Edward James Olmos wishes he would never have to give another seminar like he did Wednesday night in Pruis Hall.
"The things that I'm talking about are already so understood," Olmos said. "It's really nothing that you haven't heard before."
Olmos, a long-time actor and social activist, spoke about the definition of race, conflicting religion, personal identity and how none of those issues should divide us in front of a crowd of more than 600. He said that peace comes from loving all parts of oneself, no matter where those parts originate.
Alan Hargrave, associate vice president for Student Affairs, introduced Olmos in place of President Jo Ann Gora. Olmos wanted the house lights on over the crowd so that he could see everyone's faces. He said this allowed him to see what was on people's minds and let them teach him something in return.
He asked the Latino portion of the crowd if they loved their "indigenous" heritage and if they loved their Caucasian heritage also. Olmos said people could not hate any part of their heritage and not hate a part of themselves.
"Self-esteem, self-respect and self-worth are what make up a person," Olmos said. "With [those things], you don't want to hurt yourself."
The word "race" should be used in "the human race" and not be used to describe someone's skin color, Olmos said.
"When a bug doesn't like you, that's racial discrimination," he said. "When a person doesn't like you, that's discrimination, period. That's prejudice, period. Take the word ‘race' out of it."
Olmos brought a black student from the crowd to the stage to pose as a black Jesus. If people were open to the possibility that such an important figure could not be a Caucasian person, Caucasian children would be able to appreciate what other races have brought to the world. Children of other ethnic backgrounds would have "self-esteem, self-respect and self-worth," Olmos said.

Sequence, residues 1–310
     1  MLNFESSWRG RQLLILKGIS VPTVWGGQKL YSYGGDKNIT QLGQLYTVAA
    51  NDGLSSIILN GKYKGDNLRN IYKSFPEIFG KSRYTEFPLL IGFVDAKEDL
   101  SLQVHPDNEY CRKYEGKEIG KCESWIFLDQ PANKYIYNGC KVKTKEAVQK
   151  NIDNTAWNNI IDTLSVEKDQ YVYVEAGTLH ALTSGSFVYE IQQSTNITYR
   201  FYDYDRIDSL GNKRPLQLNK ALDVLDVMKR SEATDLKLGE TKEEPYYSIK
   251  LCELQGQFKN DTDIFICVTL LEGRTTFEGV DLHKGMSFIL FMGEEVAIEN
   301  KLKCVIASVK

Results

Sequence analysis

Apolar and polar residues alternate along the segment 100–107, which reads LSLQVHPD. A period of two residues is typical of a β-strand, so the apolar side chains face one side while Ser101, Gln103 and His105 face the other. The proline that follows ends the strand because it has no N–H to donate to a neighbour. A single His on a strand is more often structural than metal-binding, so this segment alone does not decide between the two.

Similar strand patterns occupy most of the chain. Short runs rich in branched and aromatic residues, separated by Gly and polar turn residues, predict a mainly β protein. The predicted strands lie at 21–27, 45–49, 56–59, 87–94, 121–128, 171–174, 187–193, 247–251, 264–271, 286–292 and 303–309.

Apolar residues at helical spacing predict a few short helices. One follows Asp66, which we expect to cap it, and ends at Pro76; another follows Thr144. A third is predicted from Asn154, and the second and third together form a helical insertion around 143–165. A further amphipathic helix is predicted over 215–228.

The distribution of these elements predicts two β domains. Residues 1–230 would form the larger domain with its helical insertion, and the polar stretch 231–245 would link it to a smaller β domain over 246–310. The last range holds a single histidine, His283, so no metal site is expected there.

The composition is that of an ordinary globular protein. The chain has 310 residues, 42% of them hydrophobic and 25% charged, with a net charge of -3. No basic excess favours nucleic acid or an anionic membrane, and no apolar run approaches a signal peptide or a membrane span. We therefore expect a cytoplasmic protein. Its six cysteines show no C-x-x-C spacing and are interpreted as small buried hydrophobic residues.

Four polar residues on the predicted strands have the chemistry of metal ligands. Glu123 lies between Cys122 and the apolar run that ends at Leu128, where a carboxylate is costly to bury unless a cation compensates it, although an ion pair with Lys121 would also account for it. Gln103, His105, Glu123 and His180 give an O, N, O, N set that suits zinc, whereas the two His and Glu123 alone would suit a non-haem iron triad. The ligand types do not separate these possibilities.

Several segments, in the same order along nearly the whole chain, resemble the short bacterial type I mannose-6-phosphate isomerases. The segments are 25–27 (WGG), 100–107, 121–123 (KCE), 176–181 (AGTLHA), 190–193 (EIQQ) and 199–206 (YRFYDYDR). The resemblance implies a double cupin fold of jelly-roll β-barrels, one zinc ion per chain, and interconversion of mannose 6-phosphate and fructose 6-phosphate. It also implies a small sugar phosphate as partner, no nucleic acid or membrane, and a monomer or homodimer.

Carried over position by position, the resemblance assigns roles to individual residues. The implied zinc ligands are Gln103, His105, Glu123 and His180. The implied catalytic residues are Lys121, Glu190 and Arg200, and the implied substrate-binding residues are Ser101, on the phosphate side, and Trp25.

He said society could be mixed without being a melting pot in which the individual parts lose their identity. Students should expose themselves to other cultures and information, he said.
"I don't think students should be concerned with what I say," Olmos said. "They just need to be exposed to it. That's what happens. Students are exposed to stuff in school. They need to come to terms with what I say and what will happen."
Mitch Isaacs, associate director of Student Life, started working on bringing Olmos to Ball State University in January of 2009, finishing the deal in July.
The organizations and offices that helped to fund Olmos' visit were Excellence in Leadership, the Latino Student Union, the Multicultural Center, the Career Center, the Miller College of Business, the Office of the Provost, Building Better Communities, Teachers College, the Department of Athletics and the College of Communication, Information, and Media.
Isaacs said students need to embrace diversity now.
"We live in an increasingly global society," Isaacs said. "If you don't see people as those you can relate to, how can you do business with them later on?"
Olmos said age has humbled him. He used to believe that he knew everything in his thirties, but as he has grown, he realizes how little he knows. He said that he has hope for future generations.
"I had to come to terms with [thinking] that I've helped a lot of people and have been a good person, but that I'm going to leave the world in worse shape than when I got here," Olmos said. "I hope that [new generations] won't have to do the same."